In the middle of the special teams program is its youngest member and its greatest unknown – rookie kicker Blair Walsh. When the Vikings drafted Walsh, it was clear that Ryan Longwell's days as a Viking were likely numbered. Rather than have a competition between the two of them, Longwell was released in May, leaving the job to Walsh by himself. However, special teams coordinator Mike Priefer has made it clear that, even though Walsh is the only kicker at training camp, he hasn't locked down anything yet.
"It looks like he's unchallenged because he's the only guy here, but every day is a challenge," Priefer said. "Like I told him when we drafted him and we brought him for the rookie minicamp and we were about to make the decision to let (veteran Ryan Longwell) go. When we finally did let Ryan go, I said, ‘You are now competing against every kicker who is not on a roster or every second kicker that is on somebody's roster but is going to be the guy that gets cut.' He takes it very seriously."
One element that Walsh brings is the ability to boom kickoffs out of the end zone, something Longwell didn't do with much regularity. Priefer said his biggest challenge last year was simply trying to weigh the impact of the rules change that moved kickoffs from the 30- to the 35-yard line. He said he is much better prepared for different eventualities on kickoff returns and kick coverage this year than he was before the touchbacks started piling up around the league.
"It took me about eight, nine, 10 games to figure out exactly how it was going to affect us," Priefer said. "On kickoff return, we do some things differently with our front line and how we drop, angles we drop from, where our front-line people set up and our halfbacks and fullbacks and ends, where we set up our returner and how deep we're going to (allow a returner to be and still) bring it out. More teams were bringing out kicks 6, 7, 8 yards deep (in the end zone), including us. People were sick of the touchbacks."
After seeing effect of the rules change and seeing Walsh in the Vikings rookie minicamp, Priefer made the recommendation to release Longwell and give Walsh all the kicking reps in camps.
Priefer has also fallen in love with the Vikings new-look practice routine in which walk-through practices are taking place in the morning and the longer, more intensive practices are happening in the afternoon. He is a stickler for detail and this new practice format is ideal for what he is trying to accomplish to help the Vikings win games as a result of strong special teams play.
"I do a calendar posted through the whole training camp and the whole preseason," Priefer said. "The first week and a half is planned out to the minute. After this first 10 days are over with then it's what do we need to work on after the San Francisco (preseason opening) game? Where do we have to go back and work out? What are the fundamentals we're not as good at? It's a great schedule. I love the schedule and I think we're getting a lot out of it. The guys have bought into it and they've been focused. It's been a great camp so far."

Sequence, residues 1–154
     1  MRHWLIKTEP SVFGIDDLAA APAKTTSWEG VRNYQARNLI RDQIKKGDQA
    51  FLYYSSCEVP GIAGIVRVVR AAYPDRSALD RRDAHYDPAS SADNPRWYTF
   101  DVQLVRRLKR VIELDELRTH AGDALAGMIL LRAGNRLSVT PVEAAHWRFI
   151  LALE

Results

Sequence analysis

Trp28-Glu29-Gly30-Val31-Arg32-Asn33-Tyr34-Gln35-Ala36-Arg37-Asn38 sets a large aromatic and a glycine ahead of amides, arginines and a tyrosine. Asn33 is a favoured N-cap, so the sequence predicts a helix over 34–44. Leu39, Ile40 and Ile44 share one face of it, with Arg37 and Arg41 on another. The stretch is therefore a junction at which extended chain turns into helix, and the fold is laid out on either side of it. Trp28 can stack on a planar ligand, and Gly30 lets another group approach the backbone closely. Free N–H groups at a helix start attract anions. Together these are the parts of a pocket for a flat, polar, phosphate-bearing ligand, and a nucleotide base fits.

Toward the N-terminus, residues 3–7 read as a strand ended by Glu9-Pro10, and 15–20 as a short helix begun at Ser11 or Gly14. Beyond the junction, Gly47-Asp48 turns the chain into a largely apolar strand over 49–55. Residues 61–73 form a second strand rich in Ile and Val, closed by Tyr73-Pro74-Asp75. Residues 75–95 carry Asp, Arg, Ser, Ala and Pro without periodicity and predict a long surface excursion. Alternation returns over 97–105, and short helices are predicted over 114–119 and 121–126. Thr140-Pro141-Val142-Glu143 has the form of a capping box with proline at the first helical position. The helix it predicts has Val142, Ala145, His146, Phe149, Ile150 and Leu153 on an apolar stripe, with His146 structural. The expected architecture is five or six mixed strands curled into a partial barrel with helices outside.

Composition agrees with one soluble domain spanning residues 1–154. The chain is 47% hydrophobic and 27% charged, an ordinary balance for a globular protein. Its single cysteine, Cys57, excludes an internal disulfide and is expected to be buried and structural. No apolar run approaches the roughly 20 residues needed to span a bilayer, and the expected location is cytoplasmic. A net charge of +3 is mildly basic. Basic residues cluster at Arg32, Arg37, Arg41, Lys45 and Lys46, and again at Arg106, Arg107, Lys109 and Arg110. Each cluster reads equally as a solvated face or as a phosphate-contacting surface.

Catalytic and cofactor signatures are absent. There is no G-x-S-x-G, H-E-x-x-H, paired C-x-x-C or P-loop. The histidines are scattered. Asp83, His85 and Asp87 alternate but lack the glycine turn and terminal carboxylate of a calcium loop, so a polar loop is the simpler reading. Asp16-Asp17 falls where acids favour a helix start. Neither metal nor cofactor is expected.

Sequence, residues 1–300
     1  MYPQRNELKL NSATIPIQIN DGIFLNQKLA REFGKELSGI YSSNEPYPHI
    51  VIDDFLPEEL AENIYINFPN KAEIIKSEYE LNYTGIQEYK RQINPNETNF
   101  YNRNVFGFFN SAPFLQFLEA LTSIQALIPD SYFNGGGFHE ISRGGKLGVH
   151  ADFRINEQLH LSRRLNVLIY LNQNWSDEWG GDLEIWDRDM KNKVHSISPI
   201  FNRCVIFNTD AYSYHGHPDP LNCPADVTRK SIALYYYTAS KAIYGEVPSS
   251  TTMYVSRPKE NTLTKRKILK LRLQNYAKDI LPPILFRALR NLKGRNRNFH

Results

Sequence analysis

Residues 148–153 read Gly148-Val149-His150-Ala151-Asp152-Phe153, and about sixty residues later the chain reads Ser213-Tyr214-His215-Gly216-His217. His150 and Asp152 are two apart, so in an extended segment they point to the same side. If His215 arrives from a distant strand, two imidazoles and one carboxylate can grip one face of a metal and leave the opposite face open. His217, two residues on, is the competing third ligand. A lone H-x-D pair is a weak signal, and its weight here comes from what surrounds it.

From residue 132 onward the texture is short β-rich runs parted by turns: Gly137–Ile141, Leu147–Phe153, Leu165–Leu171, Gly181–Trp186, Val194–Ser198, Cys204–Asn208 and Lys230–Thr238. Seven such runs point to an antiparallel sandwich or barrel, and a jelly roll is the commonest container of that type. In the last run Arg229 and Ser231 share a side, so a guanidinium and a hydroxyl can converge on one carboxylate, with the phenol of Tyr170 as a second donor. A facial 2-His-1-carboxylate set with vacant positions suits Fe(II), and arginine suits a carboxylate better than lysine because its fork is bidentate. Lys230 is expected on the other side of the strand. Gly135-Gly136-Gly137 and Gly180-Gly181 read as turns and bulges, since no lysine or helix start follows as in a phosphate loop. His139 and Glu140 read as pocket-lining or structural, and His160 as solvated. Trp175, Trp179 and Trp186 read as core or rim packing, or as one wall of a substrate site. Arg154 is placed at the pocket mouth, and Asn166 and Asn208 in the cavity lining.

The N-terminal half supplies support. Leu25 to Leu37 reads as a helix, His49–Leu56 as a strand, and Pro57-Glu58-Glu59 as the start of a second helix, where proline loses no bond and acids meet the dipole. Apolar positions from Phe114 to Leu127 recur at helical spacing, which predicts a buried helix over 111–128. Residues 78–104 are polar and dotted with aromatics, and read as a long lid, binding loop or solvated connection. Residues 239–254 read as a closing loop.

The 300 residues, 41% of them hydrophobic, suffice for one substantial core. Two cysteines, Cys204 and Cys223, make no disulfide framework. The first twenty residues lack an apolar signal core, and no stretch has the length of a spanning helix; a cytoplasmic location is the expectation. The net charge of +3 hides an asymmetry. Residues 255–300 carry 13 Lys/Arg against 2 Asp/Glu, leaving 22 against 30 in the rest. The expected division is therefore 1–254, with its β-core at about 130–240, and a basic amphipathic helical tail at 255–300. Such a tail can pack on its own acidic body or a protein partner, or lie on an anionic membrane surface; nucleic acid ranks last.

The new format has allowed Priefer to let his players practice what he preaches. Thursday morning the special teams worked on the middle return game. Priefer was able to discuss it in the meeting room with the players immediately prior to the morning walk-through practice and practice it in "live" situations during the afternoon practice.
Because no two players absorb information exactly the same way, Priefer believes that the format of the practice schedule is conducive to maximizing the effectiveness of his special teams unit.
"Everybody learns differently," Priefer said. "Some guys learn better by walking it through it. Other guys learn better by seeing it on tape and then walking through it and then doing it for real. Every guy learns a little bit different so I try to teach all three different parts so I can reach as many people as possible."
One player Priefer continues to rave about is Jamarca Sanford, who has quickly established himself as a special teams standout. While not the only special teams demon that has turned his head at practice, Priefer said he loves the controlled insanity Sanford brings to the table.
"He's almost as crazy as I am," Preifer said. "You've got to have a couple screws loose to when you play special teams. He's small, but he's tough, he's fast, he uses his hands extremely well, he got great feet and he's got great heart. I wish I had 10 of him. I wish I had 10 Eric Framptons and 10 Larry Deans. We've got some guys on this team that have really bought into what we're trying to accomplish here and I'm really excited about where we're going."
While most of the focus of the fans during training camp and the preseason will be on the maturation of Christian Ponder on offense and answering the questions at linebacker and safety on defense, Priefer said one thing he doesn't want there to be any questions about is on special teams and he likes the direction his group is heading.
"There's a lot to be excited about," Priefer said. "We have a great group of guys here that are learning together. I expect big things from them."
John Holler has been writing about the Vikings for more than a decade for Viking Update. Follow Viking Update on Twitter and discuss this topic on our message boards. To become a subscriber to the Viking Update web site or magazine, click here.
Priefer: Rookie Walsh still has challengers
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